Daldinia concentrica has various common names ie Cramp Balls and King Alfred's Cakes.
It grows on a variety of trees but does favour beech and ash and looks like small black balls of hard coal. When young it is reddish brown with a greyish tinge, turning black in full maturity. It can reach up to 7cm in diameter. The flesh consists of concentrical zones.
Yesterday I visited Bottom Wood, near Matlock, Derbyshire. I've seen Daldinia concentrica on many occasions over the years but have always wanted to see the 'internal' concentrical ridge/zone structure. Easier said than done, as the fruit body is extremely hard and I always thought a hack-saw! would be required to cut one in half.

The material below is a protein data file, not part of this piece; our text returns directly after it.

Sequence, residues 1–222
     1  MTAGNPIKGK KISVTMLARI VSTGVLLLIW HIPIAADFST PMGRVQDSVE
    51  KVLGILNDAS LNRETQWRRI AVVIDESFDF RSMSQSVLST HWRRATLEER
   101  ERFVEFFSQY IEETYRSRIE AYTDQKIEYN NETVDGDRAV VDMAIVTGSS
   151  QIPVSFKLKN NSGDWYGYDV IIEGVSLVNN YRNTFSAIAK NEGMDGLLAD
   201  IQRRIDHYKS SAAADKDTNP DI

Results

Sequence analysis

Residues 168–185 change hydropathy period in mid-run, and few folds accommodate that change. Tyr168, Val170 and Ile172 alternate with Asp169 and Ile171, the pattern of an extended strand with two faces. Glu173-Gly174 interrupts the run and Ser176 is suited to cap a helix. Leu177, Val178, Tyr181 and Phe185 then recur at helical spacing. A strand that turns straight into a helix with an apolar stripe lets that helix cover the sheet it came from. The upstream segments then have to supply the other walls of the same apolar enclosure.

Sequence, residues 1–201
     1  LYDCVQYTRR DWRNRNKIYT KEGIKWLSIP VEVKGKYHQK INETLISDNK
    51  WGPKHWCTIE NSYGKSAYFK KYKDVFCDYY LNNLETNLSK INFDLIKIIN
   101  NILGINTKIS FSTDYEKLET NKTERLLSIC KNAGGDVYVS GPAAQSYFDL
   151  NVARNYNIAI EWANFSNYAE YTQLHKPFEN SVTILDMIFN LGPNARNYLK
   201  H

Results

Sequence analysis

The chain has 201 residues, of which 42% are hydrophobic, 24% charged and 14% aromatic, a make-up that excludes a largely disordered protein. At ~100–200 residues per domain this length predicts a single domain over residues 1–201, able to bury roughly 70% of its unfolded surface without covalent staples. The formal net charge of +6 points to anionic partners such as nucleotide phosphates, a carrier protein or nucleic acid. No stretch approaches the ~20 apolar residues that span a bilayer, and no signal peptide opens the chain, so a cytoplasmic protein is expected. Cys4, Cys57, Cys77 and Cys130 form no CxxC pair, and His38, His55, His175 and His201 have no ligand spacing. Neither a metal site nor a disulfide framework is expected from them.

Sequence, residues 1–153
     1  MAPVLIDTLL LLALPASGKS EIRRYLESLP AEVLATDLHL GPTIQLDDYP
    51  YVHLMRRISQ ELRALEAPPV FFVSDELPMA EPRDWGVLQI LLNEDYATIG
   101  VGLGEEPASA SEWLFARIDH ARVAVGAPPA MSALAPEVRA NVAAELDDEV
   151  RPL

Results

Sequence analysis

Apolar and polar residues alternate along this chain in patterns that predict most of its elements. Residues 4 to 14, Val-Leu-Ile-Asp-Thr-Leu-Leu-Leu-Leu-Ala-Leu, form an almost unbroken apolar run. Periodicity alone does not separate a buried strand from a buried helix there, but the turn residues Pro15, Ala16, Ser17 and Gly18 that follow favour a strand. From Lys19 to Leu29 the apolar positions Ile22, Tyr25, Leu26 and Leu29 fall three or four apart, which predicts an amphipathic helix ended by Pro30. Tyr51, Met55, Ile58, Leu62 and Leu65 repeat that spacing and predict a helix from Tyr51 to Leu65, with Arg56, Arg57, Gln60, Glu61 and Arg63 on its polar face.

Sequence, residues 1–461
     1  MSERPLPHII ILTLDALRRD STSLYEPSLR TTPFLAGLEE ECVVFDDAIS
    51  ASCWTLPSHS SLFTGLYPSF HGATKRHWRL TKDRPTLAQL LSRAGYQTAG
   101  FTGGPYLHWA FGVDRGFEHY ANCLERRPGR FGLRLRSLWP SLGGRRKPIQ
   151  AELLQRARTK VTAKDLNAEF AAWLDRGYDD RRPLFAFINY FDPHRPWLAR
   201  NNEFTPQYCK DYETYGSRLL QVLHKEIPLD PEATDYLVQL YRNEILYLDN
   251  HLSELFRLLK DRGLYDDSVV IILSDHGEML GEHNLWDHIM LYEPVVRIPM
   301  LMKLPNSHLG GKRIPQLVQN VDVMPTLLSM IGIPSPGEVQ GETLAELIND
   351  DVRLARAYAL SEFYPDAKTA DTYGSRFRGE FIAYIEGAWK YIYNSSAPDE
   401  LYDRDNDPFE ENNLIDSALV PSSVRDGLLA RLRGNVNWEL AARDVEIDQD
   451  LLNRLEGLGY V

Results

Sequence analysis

The Daldinia I came across yesterday and touched, crumbled in half and there before me was the concentrical structure I had wanted to see for many years. What struck me is that they look just like the 'rings' on tree trunks that have been cut down and are counted to ascertain the age of the tree. On further research it seems that each zone layer on the Daldinia is representative of each season of growth. I counted eight zones so presumably this example has had eight growing seasons.
Below is a photograph showing the concentrical zones and a mature example.